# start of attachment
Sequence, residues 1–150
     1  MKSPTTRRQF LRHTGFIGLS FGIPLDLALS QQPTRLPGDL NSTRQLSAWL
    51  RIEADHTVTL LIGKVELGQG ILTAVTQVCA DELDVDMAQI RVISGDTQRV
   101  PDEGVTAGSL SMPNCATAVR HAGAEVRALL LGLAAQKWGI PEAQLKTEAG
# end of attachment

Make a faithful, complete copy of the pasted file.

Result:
Sequence, residues 1–150
     1  MKSPTTRRQF LRHTGFIGLS FGIPLDLALS QQPTRLPGDL NSTRQLSAWL
    51  RIEADHTVTL LIGKVELGQG ILTAVTQVCA DELDVDMAQI RVISGDTQRV
   101  PDEGVTAGSL SMPNCATAVR HAGAEVRALL LGLAAQKWGI PEAQLKTEAG